Graduate student Mitch Baum has been awarded the Agronomy Department’s Research Excellence Award for his work in quantifying the optimum planting dates in his graduate research lab.
Hailing from Bondurant, Mitch Baum originally came to Iowa State University like many others—to major in engineering. But the call of agronomy proved to be powerful, and Baum quickly switched majors. going on to earn a bachelor’s and master’s degree, and now pursuing his doctorate.
The practicality of agronomy research is what draws Baum’s interests.
While growing up in Inner Mongolia, China, Iowa State University Ph.D student Qi Mu developed a love of science at a young age.
She found her passion for genetics in high school and attended China Agricultural University for her bachelors of science in agronomy. After earning her masters at Ohio State studying tomato genetics and morphology, Ames was the place for her.
“I spent several months working as a lab technician to gain more experience. This experience helped me confirm my passion for research and reminded me how much I enjoyed learning new things every day,” Qi said. “I wanted to keep improving and therefore I started my Ph.D study in plant breeding at Iowa State University.”
The next meeting of the National Association of Plant Breeders (NAPB) will be well represented by Cyclones, with multiple students—both undergraduate and graduate—who will be recognized for being accepted into the Borlaug Scholar program, including Cassie Winn, Hallie Longest and Clayton Carley.
The Borlaug Scholars program was established by the NAPB and is funded through the Agronomy Science Foundation. The goal is to strengthen the next generation of plant breeding science professionals, like the three Cyclones accepted into the program.
Technology is becoming more prevalent in all aspects of life, and students at Iowa State University have utilized technology to gain the knowledge and tools that will help the world construct crops that can thrive in our ever-changing environment.
One of those students is Ashlyn Rairdin, who enrolled at Iowa State in fall of 2019.
Daniel Kohlhase is the recipient of the C. R. Weber Award for Excellence in Plant Breeding. Daniel grew up in Bloomington, IL. He discovered his passion for agriculture at the University of Illinois Urbana-Champaign, earning a BSc in Crop Science. After internships in plant breeding and seed production, Daniel decided to attend graduate school at Iowa State University in 2013. He earned a MSc in Crop Production & Physiology working with Dr. Mike Owen in 2016.
Congratulations to all of the graduate students who received scholarships and awards for the Spring semester!
Research Excellence Award – The award is to recognize graduate students for outstanding research accomplishments as documented in resulting theses and dissertations. The Research Excellence Program is administered by the Graduate College with additional support from the Graduate and Professional Student Senate.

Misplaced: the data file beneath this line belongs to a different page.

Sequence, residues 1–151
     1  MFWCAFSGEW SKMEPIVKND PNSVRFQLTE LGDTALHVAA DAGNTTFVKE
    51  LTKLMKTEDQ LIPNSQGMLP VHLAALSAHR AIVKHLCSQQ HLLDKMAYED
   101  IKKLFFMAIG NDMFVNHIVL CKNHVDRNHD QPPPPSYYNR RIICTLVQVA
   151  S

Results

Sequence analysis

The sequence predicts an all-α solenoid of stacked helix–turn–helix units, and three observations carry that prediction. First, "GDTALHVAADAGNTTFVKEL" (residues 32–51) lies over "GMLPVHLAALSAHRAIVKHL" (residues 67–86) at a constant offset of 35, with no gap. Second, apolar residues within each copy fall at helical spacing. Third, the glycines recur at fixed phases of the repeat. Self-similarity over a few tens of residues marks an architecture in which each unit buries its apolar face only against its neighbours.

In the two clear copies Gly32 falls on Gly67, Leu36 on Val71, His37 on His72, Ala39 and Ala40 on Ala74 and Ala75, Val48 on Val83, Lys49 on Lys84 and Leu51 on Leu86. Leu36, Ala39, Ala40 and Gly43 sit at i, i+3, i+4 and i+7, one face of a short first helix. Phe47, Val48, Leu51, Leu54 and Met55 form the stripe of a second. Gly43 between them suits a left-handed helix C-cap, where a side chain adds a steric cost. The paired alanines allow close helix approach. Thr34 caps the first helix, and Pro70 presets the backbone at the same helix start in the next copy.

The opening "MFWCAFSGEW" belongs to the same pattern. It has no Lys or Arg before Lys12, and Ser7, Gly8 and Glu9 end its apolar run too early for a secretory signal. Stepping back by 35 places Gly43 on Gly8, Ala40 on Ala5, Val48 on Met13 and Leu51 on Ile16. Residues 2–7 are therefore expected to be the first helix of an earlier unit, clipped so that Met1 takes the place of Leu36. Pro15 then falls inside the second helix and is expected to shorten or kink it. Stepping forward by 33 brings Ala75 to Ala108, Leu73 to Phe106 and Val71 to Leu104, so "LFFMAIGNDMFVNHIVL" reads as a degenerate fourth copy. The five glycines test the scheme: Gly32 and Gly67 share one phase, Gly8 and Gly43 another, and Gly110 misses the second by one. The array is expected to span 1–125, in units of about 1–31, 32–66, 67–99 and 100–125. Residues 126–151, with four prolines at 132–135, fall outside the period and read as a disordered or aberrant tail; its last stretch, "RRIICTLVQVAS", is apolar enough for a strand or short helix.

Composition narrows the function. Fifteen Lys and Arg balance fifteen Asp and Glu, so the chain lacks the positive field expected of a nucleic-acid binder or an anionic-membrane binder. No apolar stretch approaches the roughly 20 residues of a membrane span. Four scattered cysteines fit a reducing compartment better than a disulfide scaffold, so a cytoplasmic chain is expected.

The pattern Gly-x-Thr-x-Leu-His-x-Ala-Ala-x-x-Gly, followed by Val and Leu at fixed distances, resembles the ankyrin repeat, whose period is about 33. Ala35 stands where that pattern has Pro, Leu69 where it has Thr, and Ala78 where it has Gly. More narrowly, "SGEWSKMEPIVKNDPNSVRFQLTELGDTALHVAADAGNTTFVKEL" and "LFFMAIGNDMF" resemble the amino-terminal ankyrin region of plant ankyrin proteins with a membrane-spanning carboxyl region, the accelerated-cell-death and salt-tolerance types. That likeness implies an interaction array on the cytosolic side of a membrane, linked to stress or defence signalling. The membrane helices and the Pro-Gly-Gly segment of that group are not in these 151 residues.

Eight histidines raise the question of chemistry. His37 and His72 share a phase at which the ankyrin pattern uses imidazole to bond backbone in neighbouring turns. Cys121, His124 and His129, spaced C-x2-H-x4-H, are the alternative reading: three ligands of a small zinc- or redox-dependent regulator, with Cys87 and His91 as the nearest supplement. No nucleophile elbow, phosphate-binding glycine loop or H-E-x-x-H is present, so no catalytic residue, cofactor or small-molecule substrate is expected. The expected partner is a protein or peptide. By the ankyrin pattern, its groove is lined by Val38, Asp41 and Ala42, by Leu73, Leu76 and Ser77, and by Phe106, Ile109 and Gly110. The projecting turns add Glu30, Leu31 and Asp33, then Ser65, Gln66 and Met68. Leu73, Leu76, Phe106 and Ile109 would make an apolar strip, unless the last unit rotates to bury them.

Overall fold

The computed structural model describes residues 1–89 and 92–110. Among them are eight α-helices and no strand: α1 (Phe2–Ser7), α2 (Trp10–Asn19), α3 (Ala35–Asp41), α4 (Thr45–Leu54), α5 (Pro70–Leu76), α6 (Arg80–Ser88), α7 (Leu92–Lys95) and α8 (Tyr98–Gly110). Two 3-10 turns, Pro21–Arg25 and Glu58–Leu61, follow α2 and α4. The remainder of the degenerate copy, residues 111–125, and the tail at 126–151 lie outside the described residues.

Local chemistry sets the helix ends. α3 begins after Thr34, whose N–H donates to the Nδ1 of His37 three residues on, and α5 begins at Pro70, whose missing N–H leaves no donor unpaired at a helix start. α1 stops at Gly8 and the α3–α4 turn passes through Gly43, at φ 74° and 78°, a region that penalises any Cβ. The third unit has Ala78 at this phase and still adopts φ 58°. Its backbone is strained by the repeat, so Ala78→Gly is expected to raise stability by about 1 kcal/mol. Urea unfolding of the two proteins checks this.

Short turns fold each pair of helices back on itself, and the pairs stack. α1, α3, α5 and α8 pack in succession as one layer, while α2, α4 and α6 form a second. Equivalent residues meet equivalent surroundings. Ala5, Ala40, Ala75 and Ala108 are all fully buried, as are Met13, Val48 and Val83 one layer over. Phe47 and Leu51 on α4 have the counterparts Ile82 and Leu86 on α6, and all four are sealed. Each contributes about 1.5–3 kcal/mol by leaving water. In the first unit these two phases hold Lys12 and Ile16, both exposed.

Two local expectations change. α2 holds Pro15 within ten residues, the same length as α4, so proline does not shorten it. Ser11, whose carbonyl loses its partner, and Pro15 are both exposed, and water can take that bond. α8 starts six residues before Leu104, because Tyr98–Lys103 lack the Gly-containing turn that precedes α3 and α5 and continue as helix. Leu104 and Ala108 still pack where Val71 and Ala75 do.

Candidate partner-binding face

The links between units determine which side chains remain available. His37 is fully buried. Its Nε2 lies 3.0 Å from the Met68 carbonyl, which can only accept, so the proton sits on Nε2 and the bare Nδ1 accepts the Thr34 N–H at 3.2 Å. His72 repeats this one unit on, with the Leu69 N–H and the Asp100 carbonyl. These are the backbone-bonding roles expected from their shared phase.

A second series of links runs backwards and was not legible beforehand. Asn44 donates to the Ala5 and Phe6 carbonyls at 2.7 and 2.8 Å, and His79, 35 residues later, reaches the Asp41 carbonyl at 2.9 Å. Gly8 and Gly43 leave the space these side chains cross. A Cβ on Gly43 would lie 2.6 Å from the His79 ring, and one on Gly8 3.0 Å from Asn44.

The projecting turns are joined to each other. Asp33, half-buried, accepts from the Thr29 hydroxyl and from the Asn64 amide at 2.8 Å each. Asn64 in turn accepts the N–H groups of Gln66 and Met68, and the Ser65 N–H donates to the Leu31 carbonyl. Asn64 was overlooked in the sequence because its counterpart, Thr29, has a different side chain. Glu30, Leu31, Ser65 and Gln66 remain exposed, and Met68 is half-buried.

Anabelle Laurent - PhD Crop Production & Physiology with Fernando Miguez
Gina Nichols - PhD Crop Production & Physiology with Sotirios Archontoulis
Teaching Excellence Award – The award is to recognize and encourage outstanding teaching achievement by graduate students. The Research Excellence Program is administered by the Graduate College with additional support from the Graduate and Professional Student Senate.
PhD candidate Qi Mu has recieved the Gerald O. Mott Meritorious Graduate Student Award in Crop Science. The award recognizes top-notch graduate students pursuing advanced degrees in crop science disciplines. Departments select students based on academic achievements, research and teaching contributions, leadership accomplishments, service activities and personal qualifications. The award honors the first CSSA President, Gerald O. Mott, who trained 75 graduate students during his 45 year career at Purdue University and the University of Florida. Many of his students have become eminent forage scientists.
The 2020-2021 Brown Graduate Fellowship Program as administered by ISU’s Office of the Vice President of Research. This fellowship is to be used to strategically advance ISU research in the areas of study that are governed by the Valentine Hammes Family and Leopold Hammes Brown Family Trust. Fellowship funds (maximum request of $10K) can be used to assist current graduate students or by graduate programs in the recruitment of new graduate students.
Matthew Breitzman is originally from Stillwater, MN. Spending time on his Grandpa and Uncles’ farm when growing up gave him a strong interest in agriculture. This background in agriculture led him to obtain his B.S.
Rebecca Vittetoe, student in our MS Agronomy distance masters program recently won the Muenchrath award. Named after Deborah Muenchrath the award is giving to the student with the most outstanding creative component. It is available to a student who has distinguished themselves academically, creatively and professionally.
Rebecca presented “Comparing the effect of cropping sequences, planting date, and seed treatment on seedling diseases of corn caused by Phythium species.” Her major professors are Dr. Alison Robertson and Dr. Mark Westgate. Her committee included Dr. Daren Mueller and Dr. Andy Lenssen.